MUMBAI (Reuters) - India’s FA has thrown its weight behind a popular franchise-based league by calling on the Asian Football Confederation (AFC) to award its champions a slot in the continent’s elite club competition.
Currently, the winners of the traditional I-League are awarded the AFC Champions League slot, while the champions of the upstart Indian Super League (ISL) gain entry to the secondary AFC Cup competition.
The ISL, promoted by billionaire Mukesh Ambani’s Reliance Industries and Rupert Murdoch’s Star India TV, has grown in popularity since its 2014 launch, whereas interest in the I-League has stagnated.
The I-League was formed in 2007 as a rebrand of the National Football League, India’s first professional league launched in 1996.
Openly backing the ISL as the country’s elite competition for the first time, the Indian FA (AIFF) said its recommendation was based on the Master Rights Agreement it signed in 2010 with its commercial partners Football Sports Development Limited.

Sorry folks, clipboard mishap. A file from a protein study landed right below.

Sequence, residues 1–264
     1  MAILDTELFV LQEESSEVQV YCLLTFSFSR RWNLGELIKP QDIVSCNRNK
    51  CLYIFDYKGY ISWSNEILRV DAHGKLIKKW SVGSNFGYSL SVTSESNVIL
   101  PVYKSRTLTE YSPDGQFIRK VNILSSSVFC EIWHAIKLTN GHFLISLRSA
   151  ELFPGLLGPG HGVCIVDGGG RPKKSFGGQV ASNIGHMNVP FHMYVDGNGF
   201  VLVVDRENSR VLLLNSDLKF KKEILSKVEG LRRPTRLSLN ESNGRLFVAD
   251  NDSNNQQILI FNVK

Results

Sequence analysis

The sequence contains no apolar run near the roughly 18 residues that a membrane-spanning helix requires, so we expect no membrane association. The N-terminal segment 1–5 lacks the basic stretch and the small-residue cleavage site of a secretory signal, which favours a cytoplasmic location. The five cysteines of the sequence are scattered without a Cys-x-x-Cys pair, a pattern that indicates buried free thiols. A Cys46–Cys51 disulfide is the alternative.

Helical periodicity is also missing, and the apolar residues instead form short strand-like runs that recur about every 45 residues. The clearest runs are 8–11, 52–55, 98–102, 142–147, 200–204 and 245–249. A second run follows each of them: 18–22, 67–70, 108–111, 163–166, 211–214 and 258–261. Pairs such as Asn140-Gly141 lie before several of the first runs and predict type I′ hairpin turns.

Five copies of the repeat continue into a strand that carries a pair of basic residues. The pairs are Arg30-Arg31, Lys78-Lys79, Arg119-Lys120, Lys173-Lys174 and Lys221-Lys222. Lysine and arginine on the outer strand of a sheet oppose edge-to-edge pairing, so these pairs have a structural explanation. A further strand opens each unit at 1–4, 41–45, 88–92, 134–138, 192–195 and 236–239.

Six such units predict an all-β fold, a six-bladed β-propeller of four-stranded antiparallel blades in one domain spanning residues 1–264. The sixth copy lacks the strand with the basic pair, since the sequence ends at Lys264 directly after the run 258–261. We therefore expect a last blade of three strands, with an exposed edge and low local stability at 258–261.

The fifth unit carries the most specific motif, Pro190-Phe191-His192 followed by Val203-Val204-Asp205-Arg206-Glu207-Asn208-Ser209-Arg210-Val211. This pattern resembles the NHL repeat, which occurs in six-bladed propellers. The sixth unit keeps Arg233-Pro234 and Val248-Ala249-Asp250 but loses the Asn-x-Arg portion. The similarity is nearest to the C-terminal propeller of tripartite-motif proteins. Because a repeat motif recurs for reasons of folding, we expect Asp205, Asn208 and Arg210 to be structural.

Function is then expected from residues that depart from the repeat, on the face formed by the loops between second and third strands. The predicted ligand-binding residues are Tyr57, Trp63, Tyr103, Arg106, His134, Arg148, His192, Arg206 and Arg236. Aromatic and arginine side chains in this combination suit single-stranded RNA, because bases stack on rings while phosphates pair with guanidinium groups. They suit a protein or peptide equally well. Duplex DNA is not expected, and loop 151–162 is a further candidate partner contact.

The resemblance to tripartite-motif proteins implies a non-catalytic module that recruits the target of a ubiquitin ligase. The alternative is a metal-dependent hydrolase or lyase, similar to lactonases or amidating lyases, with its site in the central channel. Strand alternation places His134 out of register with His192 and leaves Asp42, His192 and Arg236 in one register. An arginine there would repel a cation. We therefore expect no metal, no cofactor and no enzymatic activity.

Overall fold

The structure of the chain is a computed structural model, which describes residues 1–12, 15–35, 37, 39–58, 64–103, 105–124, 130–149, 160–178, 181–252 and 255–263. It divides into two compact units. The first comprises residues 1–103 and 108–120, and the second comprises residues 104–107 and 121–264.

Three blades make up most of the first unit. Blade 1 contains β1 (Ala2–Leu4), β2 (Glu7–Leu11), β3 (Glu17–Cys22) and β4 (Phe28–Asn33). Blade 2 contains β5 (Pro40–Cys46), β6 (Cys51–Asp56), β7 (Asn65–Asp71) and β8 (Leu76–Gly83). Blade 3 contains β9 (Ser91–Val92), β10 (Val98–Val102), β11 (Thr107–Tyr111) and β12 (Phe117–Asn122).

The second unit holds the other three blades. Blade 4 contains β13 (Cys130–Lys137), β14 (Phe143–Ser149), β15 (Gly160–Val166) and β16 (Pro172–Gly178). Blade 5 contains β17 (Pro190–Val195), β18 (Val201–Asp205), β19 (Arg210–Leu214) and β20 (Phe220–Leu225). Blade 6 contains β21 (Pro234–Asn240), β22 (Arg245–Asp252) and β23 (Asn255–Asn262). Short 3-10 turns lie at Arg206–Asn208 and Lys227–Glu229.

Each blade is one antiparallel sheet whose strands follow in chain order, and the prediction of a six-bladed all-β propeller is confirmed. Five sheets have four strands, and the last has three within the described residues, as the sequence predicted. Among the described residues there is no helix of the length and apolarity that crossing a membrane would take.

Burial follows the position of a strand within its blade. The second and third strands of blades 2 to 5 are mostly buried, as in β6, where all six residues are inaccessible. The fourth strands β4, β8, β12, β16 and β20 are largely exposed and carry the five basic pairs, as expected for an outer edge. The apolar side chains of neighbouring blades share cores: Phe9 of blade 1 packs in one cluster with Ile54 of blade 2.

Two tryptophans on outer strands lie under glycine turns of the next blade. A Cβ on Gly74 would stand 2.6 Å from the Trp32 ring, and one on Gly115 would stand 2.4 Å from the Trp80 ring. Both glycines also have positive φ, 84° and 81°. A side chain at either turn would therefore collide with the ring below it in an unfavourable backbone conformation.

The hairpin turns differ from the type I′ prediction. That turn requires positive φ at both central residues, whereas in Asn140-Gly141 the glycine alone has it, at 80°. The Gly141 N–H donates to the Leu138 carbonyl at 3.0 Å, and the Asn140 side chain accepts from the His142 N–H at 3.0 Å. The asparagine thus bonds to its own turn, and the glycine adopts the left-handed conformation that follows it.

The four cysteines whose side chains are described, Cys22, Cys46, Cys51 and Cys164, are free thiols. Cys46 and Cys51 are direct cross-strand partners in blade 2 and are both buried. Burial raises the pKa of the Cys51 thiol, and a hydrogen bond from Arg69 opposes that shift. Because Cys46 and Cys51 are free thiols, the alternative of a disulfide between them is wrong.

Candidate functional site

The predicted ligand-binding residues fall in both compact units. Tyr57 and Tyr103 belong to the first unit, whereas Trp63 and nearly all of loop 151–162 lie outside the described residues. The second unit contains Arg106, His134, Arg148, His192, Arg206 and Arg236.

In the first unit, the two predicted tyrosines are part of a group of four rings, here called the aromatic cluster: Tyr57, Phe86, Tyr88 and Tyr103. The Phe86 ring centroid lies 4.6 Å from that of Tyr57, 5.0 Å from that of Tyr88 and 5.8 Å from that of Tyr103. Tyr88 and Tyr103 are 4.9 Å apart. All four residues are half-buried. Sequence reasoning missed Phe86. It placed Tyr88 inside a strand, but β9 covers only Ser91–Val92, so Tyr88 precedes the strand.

It said in a statement “... in the last five years the entire Indian National squad are mostly being signed/playing for the ... Indian Super League clubs.
“TV viewership and in-stadia audience having grown far more substantially vis a vis the ... I-League,” it added.
The AIFF has been toying with the idea of merging the leagues before deciding to let both continue for the time being.
Earlier this week, six I-League clubs wrote to Indian Prime Minister Narendra Modi requesting intervention and an enquiry into the running of the AIFF.
The AIFF said it has sought help from the AFC to sort out the issues plaguing soccer in the country.
“The AIFF Executive Committee requests the Asian Football Confederation to send a high-level delegation ... at the earliest to discuss this issue with all stakeholders of Indian football ... to arrive at a fair solution,” it said.
Cricket-mad India, home to 1.3 billion people, is a massive underachiever as far as football is concerned and the country has yet to make a single appearance at the World Cup finals.
Reporting by Sudipto Ganguly; editing by Peter Rutherford